On April 14, 1943, US Navy intelligence intercepted and deciphered a Japanese message that began: “On April 18 CINC Combined Fleet will visit RXZ, R__, and RXP in accordance with the following schedule…” CINC Combined Fleet was Admiral Isoroku Yamamoto, the Japanese Navy’s most capable commander and the architect of the attack on Pearl Harbor, and the intercepted message revealed that he would fly from Rabaul to Bougainville in the Solomon islands on April 18, arriving at 8 AM, Tokyo time, in two medium bombers, escorted by six Zero fighters.
The information quickly worked its way up the chain of command to the President, and FDR’s response was “get Yamamoto“. Plans were immediately begun to kill the Japanese admiral blamed for the Pearl Harbor attack, and given the apt name Operation Vengeance. The operation, which sought to shoot down Yamamoto’s plane, had to be precisely timed. Fortunately, the Japanese admiral was known for his punctuality.
Yamamoto’s flight route was beyond the range of US naval airplanes, but was within the range of US Army Air Force P-38 Lightning fighters recently deployed to Guadalcanal. Accordingly, 16 Lightnings, equipped with drop tanks for extra range, were sent on a 600-mile roundabout flight to meet Yamamoto’s plane as it arrived from Rabaul at Bougainville on April 18, 1943.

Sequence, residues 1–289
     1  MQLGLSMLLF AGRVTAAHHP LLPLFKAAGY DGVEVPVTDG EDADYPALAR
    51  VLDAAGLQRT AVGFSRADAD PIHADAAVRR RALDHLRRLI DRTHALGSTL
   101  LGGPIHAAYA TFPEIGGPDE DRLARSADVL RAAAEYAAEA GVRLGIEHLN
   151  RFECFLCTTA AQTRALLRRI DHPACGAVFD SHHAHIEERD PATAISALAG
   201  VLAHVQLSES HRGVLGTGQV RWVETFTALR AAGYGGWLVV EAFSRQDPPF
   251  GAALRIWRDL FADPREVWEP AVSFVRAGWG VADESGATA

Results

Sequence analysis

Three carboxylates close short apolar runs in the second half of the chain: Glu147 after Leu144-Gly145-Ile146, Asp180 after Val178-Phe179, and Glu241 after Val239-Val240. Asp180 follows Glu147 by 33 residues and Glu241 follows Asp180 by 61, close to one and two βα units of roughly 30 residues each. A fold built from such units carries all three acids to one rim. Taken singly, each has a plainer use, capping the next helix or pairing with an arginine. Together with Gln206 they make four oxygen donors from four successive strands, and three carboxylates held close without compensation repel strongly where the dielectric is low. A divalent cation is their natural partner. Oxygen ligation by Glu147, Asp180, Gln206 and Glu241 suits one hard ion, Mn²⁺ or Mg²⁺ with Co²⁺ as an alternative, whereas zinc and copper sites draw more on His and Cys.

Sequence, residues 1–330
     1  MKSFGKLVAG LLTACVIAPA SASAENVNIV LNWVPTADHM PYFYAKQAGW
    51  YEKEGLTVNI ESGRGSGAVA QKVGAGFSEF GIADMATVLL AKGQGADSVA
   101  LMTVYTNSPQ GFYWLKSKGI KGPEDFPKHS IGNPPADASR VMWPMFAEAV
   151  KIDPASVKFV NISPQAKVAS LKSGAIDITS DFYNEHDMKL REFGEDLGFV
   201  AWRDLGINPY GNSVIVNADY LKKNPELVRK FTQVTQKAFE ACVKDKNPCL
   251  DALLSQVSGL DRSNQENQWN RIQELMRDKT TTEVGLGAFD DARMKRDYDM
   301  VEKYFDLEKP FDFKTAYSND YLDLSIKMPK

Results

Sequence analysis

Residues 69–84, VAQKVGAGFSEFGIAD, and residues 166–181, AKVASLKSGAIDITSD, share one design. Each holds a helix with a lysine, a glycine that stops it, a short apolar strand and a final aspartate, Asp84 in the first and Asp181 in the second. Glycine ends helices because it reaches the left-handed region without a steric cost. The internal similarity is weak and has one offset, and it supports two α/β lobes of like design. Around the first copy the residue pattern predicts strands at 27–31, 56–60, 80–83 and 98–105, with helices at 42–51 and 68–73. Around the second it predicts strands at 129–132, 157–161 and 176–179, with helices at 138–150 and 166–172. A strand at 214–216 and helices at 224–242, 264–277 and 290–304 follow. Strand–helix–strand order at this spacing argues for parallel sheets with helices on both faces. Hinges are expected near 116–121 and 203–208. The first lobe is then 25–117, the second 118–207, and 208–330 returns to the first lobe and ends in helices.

It worked like clockwork. Skimming the ocean at 50 feet to avoid detection, which also required swinging wide of islands between Guadalcanal and Bougainville and watchers therein, the P-38s reached the planned interception point within one minute of Yamamoto. The Lightnings, armed with 20mm cannon and .50 caliber machineguns, attacked. While a kill team of four P-38s fell upon the two medium bombers carrying the admiral and his staff, the remaining Lightnings took on the escorting Zeros and flew top cover to fend off any fighters scrambled from local airfields. Within minutes, both Japanese bombers were sent spiraling in flames to crash into the jungle below, with no survivors.
The P-38s then broke off contact, and avoiding detection no longer a necessity, flew a 400 mile straight line flight back to Guadalcanal, which they reached after completing a 1000 miles long mission. Yamamoto’s crashed bomber was located by a search and rescue party the following day, and his corpse was recovered from the wreckage strewn around the crash site.